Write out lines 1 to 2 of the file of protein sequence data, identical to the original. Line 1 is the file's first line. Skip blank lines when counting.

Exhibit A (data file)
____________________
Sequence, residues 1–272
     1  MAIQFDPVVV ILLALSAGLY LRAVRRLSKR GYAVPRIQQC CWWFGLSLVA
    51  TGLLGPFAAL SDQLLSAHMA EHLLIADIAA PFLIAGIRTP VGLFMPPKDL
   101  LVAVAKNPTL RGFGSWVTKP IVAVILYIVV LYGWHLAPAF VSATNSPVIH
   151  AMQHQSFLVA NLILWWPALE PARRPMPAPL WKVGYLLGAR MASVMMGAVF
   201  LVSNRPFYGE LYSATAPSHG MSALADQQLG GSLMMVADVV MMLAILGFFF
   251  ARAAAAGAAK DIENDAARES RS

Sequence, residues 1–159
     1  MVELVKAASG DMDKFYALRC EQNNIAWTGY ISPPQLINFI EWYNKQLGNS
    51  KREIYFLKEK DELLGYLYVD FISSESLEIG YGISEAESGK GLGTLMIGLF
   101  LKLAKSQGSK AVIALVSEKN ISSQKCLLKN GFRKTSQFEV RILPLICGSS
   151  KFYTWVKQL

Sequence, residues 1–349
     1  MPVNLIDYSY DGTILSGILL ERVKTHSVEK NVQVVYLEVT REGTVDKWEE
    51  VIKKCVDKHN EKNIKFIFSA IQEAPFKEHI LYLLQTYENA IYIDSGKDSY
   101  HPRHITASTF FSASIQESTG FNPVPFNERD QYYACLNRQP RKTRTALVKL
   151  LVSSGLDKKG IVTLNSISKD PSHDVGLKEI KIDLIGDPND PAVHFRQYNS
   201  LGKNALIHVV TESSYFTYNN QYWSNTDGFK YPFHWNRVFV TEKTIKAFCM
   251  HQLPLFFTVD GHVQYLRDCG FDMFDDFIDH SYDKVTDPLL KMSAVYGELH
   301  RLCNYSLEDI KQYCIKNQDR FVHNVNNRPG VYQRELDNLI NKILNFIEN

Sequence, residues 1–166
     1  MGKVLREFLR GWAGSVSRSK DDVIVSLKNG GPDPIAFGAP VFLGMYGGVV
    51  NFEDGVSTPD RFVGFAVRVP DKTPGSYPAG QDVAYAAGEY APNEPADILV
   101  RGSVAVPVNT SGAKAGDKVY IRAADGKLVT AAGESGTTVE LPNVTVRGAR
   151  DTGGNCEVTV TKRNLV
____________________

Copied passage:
Sequence, residues 1–272
     1  MAIQFDPVVV ILLALSAGLY LRAVRRLSKR GYAVPRIQQC CWWFGLSLVA